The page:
by T.W. Budig
ECM Capitol reporter
Rep. Jim Abeler jokes one thing that’s nice about his new State Office Building digs is that there’s room enough for protesters outside.
The quip may not be without relevance.
Abeler is the new chairman of the House Health and Human Services (HHS) Finance Committee.
A chiropractor by profession, the seven-term Republican takes control of the committee at an exacting moment.
Abeler views lawmakers this coming legislative session as wrestling budgetary challenges as tough as any faced by Minnesota elected officials.
“The credit card payments are all coming due on my watch. And there’s no more refinancing mechanisms available,” said Abeler, lawmaker from Anoka.
“And so decisions that have been deferred are now coming to land on my watch,” Abeler said.
General fund spending of $12 billion
Abeler oversees a health care realm with a projected total general fund spending just shy of $12 billion for this coming two-year spending cycle — an amount reflecting about 31 percent of the state’s total general fund spending.
Only the K–12 education pie chart slice is bigger.
HHS provides services to some of the most fragile and vulnerable people in Minnesota.
In recent sessions, the HHS funding debate has spawned dozens of press conferences and rallies, filled the Capitol corridors with advocates and health care professionals.
But with Minnesota facing a projected $6 billion budget deficit, Abeler acknowledges the HHS budget will be a hunting ground for spending reductions.
House leaders will look to trim more than $1 billion, Abeler believes.
“At the end, we’ll be hopefully protecting nursing homes, protecting care for the disabled, and keeping a safety net in intact,” said Abeler.
“We have to sit down and debate amongst ourselves what’s essential, what’s important, and what’s just nice to do,” he said. “If people would say, ‘That would be nice,’ then we’re not going to do that,” said Abeler.
Federal health care bill not a lifeline
The recent federal health care bill is not a lifeline, Abeler explained.
Indeed, Abeler is sharply critical, arguing the historic legislation is enfeebled by the lack of bipartisan support, undoes state health care reforms already in place, and makes promises the deficit-plagued federal government cannot keep.
“The money that’s promised in that bill to Minnesota over the next four and a half years, four and half billion dollars of federal money coming our way, is mythical,” said Abeler.
“I don’t believe the federal government will be able to uphold their end of the bargain,” he said.
“We’re going to build a program and create expectations on people we care deeply about, and be unable to serve them,” said Abeler.
One of the celebrated Override Six — a group of House Republican who voted to override Republican Gov. Tim Pawlenty’s veto of a transportation funding bill containing tax increases — Abeler indicates that there’ll be no crossing party lines now on taxes.
No oath required
“There was no oath or anything I had to take,” Abeler quipped about gaining his chairmanships.
His override vote reflected the views of his district, just as his refusal to raise taxes now does the same, Abeler explained.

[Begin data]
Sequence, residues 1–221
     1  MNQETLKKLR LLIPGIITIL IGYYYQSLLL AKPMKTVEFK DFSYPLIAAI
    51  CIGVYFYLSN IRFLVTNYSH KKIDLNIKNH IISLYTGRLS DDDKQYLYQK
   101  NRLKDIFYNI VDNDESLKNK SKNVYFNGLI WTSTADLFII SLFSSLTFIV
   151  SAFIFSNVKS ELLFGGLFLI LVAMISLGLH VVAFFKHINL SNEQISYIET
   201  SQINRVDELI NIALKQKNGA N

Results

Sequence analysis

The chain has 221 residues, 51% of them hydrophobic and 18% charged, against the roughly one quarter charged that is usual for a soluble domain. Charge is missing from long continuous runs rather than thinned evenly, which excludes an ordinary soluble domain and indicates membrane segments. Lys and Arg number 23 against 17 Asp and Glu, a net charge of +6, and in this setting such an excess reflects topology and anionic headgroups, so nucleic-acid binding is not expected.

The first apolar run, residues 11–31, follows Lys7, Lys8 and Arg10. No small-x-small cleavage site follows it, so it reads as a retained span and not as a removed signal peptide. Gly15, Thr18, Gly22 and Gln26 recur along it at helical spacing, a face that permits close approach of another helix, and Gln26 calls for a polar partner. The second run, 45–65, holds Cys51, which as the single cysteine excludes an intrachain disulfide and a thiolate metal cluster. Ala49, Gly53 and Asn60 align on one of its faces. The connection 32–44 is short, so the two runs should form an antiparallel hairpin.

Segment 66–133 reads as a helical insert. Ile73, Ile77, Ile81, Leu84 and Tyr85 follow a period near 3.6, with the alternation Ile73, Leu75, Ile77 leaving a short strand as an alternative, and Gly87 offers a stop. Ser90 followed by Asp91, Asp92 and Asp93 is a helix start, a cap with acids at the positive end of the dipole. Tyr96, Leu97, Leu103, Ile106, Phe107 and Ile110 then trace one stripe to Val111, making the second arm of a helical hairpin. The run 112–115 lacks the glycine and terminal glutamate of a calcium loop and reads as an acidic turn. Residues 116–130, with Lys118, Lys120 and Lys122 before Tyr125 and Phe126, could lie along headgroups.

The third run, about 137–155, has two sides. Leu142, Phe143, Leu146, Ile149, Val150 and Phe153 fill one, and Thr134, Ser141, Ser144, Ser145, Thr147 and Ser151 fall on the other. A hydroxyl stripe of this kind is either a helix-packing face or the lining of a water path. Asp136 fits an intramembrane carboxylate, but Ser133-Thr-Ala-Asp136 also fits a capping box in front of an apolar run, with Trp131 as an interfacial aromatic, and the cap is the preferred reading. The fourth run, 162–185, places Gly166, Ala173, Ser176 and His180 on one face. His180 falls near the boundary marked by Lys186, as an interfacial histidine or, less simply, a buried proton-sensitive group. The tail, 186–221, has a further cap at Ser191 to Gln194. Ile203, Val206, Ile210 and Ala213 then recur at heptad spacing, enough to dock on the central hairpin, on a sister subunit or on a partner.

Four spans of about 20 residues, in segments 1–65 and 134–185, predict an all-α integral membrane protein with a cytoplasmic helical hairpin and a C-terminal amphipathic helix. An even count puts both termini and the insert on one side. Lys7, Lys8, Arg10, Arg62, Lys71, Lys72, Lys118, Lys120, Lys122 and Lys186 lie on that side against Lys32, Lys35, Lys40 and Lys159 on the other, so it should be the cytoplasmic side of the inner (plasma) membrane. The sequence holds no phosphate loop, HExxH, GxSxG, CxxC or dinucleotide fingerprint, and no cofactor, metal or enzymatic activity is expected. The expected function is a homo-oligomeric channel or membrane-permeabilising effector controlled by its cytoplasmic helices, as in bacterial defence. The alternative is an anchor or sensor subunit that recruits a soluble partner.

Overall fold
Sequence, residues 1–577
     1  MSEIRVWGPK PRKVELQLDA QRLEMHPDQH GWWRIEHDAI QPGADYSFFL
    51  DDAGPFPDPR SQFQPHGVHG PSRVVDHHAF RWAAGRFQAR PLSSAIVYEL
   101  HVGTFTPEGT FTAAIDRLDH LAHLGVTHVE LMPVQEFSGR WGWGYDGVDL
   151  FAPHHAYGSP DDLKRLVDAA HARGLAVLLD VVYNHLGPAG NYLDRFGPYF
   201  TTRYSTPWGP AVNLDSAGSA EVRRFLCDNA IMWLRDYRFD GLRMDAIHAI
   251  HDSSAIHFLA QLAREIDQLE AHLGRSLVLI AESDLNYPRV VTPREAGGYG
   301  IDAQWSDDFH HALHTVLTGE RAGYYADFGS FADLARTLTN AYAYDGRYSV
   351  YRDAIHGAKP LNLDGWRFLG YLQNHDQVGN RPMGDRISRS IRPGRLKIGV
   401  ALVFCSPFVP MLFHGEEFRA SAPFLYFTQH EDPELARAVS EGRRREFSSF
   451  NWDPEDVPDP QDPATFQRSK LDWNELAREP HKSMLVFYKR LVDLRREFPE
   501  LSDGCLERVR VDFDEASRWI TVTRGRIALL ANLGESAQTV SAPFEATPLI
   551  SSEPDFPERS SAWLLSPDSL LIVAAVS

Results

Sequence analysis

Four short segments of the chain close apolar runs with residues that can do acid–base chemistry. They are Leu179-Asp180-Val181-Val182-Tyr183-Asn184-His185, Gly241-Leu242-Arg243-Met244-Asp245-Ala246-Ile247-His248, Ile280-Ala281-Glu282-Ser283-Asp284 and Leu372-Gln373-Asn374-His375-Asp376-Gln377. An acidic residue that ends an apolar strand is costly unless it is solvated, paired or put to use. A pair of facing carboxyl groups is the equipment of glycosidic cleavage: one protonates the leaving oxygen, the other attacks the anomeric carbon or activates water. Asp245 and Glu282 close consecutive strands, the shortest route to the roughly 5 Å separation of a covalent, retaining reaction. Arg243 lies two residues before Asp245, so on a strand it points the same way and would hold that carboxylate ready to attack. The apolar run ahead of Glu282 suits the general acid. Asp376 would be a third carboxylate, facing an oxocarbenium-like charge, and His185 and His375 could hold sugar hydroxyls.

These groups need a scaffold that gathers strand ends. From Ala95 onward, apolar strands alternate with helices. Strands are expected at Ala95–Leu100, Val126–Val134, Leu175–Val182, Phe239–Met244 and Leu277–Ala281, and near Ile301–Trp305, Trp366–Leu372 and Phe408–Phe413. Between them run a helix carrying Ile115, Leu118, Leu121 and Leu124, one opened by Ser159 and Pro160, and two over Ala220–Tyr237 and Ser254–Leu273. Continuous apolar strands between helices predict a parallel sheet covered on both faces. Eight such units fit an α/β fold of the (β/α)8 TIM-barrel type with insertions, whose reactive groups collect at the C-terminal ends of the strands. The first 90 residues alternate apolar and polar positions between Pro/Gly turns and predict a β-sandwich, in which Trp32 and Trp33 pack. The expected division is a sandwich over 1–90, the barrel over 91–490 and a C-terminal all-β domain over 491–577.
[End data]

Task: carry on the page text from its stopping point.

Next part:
“It’s no stretch for me these days, because no one has any money,” said Abeler. “I think the average person in my district would say, ‘ I think you’re on to something there,’” said Abeler with a smile.
Abeler styles himself as a bridge builder. The view is not his alone.
Recently on the House floor one House Democrat indicated Abeler’s willingness to reach across the aisle was legendary.
“I hope he brings that to the chair,” said Rep. Erin Murphy, DFL-St. Paul, of a cooperative spirit.
Murphy, active in the health-care debate, indicated some older common ground exists for Democrats and Republicans to discuss but that more recent happenings, such as the federal health care bill, have been polarizing.
She questions whether the HHS can be balanced without additional revenue.
Although Abeler doesn’t recall ever meeting Democrat Gov. Mark Dayton, he has worked with Lt. Gov. Yvonne Prettner Solon on health-care issues, he said.
“I think she understands the math,” he said.
The House health care committees — there’s also a reform committee — plan a joint hearing immediately at the start of the legislative session.
No time to squabble
“We simply don’t have time to be squabbling,” Abeler said of Republican and Democrat committee members getting along.
Abeler plans to form two- to three-member groups within his committee, tasked with drilling down into particular HHS spending areas to look for better efficiencies and savings.
Abeler is wary of the use of the word “cuts” in describing potential HHS spending reductions.
In general, HHS spending will continue to grow, Abeler explained.
But growth will be single-digit instead of projected double-digit, he explained.
Not that this will be easy.
“It’s going to be very difficult personally as well as professionally (for me),” said Abeler.
“I comfort myself that if I’m successful in managing this budget, with likely growth built into it, although lesser growth, it will be sustainable for two, four, 10 years from now,” he said.
“Currently, if we don’t manage it, it will be unsustainable within four years from now,” said Abeler.
“Minnesota is one of the most generous states anywhere in our human service programs,” he said.
That will continue to be true in the future, Abeler explained.
To view a YouTube video of the Abeler interview, visit: http://www.youtube.com/watch?v=9j-vvpCp DRY.